“Although handsets can be produced at nearly normal levels, the markets for these handsets are mostly in some state of shutdown,” Hong said. “Some countries have made more progress in dealing with the outbreak, while others are still in the midst of fighting the pandemic, and still others won’t feel the full effects of the pandemic until later in the year.”
In Europe, where some countries have been under strict lockdown rules for some time, initial efforts have been made to ease restrictions. Similarly, South Korea has taken steps to open up. In other countries, like in some parts of the United States, only the last few weeks of the quarter were impacted by broad stay-at-home orders, while consumer behavior had remained unrestricted until then.
Earlier today, Omdia issued this press release:
Coronavirus crisis deals a $51 billion blow to the global mobile communications industry outlook Mobile revenue to drop 4.1 percent worldwide; regional impact to vary
LONDON (April 30, 2020) — Mobile services represent critical infrastructure that’s allowing people to stay connected during the coronavirus crisis. However, that doesn’t mean these services are immune to the pandemic’s economic shock, with 2020 market revenue now expected to come in about $51 billion short of the previous forecast, according to Omdia.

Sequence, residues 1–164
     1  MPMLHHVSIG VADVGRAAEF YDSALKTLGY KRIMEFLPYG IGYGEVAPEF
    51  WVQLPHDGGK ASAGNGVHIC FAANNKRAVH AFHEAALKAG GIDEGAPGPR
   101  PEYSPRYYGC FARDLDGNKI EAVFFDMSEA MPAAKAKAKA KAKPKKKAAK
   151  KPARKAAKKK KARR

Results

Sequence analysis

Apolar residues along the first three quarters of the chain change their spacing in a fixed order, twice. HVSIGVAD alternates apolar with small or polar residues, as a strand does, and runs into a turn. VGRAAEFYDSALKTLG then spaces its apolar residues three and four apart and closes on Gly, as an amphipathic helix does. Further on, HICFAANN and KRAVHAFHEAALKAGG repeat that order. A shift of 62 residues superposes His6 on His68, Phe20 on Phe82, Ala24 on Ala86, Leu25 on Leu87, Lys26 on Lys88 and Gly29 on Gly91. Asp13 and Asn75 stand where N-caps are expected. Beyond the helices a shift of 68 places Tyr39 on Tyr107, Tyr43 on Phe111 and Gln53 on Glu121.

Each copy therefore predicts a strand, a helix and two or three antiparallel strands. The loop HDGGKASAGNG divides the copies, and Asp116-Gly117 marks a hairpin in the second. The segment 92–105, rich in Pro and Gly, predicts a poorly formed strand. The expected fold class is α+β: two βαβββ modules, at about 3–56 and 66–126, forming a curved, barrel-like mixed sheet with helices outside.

Worldwide mobile communications services market revenue will total $749.7 billion this year, down from the prior forecast of $800.3 billion. This compares to $781.5 billion in 2019. Annual revenue will fall by 4.1 percent this year, with the decline amounting to $31.8 billion.
“Mobile phone companies around the world are experiencing usage spikes as more countries encourage or enforce social distancing and work-from-home rules to slow the spread of the COVID-19,” said Mike Roberts, research director at Omdia. “However, the spikes aren’t enough to overcome the impact of the pandemic on consumer behavior. These rules are having a dramatic impact on various regions of the world, halting new subscriptions and upgrades in the United States, while slashing revenue for operators in Europe.”
Consumer uptake of 5G will be slower than previously forecasted, due to the economic situation as well as the possibility of delays in 5G network deployment and in the availability of 5G devices. Omdia will release more details on 5G shortly.
In the Americas, mobile service revenue is set to decline by 3.7 percent to $237 billion in 2020. Most of that loss will come in the United States as both net additions and upgrades to higher data plans slow or stop altogether.
Europe will suffer the largest impact of the crisis, with mobile service revenue falling 9.1 percent to $131 billion, representing a downgrade of 9.3 percent compared to Omdia’s previous forecast. This decline will be driven by significant reductions in mobile prepaid revenue and a dramatic drop in inbound roaming revenue.